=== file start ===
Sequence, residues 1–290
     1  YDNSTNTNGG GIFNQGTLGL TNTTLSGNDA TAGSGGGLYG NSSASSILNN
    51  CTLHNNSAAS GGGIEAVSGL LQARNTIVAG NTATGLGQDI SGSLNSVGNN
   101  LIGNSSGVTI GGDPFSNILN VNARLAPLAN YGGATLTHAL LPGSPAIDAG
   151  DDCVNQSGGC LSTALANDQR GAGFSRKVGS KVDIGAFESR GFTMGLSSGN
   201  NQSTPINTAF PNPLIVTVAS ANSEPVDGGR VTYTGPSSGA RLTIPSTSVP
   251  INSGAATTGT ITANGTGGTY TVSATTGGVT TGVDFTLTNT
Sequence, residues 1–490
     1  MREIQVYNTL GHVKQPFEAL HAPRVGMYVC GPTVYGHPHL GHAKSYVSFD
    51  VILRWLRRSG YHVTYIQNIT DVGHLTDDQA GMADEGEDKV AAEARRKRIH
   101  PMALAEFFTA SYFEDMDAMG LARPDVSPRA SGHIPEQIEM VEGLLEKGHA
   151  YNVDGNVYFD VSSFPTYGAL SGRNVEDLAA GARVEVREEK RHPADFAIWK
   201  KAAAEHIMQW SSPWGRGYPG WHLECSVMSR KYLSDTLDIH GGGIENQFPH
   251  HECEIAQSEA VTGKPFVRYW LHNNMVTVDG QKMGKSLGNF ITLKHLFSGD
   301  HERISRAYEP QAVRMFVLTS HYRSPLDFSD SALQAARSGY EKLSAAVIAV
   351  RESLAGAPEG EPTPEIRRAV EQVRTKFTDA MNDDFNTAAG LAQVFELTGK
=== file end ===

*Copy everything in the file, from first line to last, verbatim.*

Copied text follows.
Sequence, residues 1–290
     1  YDNSTNTNGG GIFNQGTLGL TNTTLSGNDA TAGSGGGLYG NSSASSILNN
    51  CTLHNNSAAS GGGIEAVSGL LQARNTIVAG NTATGLGQDI SGSLNSVGNN
   101  LIGNSSGVTI GGDPFSNILN VNARLAPLAN YGGATLTHAL LPGSPAIDAG
   151  DDCVNQSGGC LSTALANDQR GAGFSRKVGS KVDIGAFESR GFTMGLSSGN
   201  NQSTPINTAF PNPLIVTVAS ANSEPVDGGR VTYTGPSSGA RLTIPSTSVP
   251  INSGAATTGT ITANGTGGTY TVSATTGGVT TGVDFTLTNT
Sequence, residues 1–490
     1  MREIQVYNTL GHVKQPFEAL HAPRVGMYVC GPTVYGHPHL GHAKSYVSFD
    51  VILRWLRRSG YHVTYIQNIT DVGHLTDDQA GMADEGEDKV AAEARRKRIH
   101  PMALAEFFTA SYFEDMDAMG LARPDVSPRA SGHIPEQIEM VEGLLEKGHA
   151  YNVDGNVYFD VSSFPTYGAL SGRNVEDLAA GARVEVREEK RHPADFAIWK
   201  KAAAEHIMQW SSPWGRGYPG WHLECSVMSR KYLSDTLDIH GGGIENQFPH
   251  HECEIAQSEA VTGKPFVRYW LHNNMVTVDG QKMGKSLGNF ITLKHLFSGD
   301  HERISRAYEP QAVRMFVLTS HYRSPLDFSD SALQAARSGY EKLSAAVIAV
   351  RESLAGAPEG EPTPEIRRAV EQVRTKFTDA MNDDFNTAAG LAQVFELTGK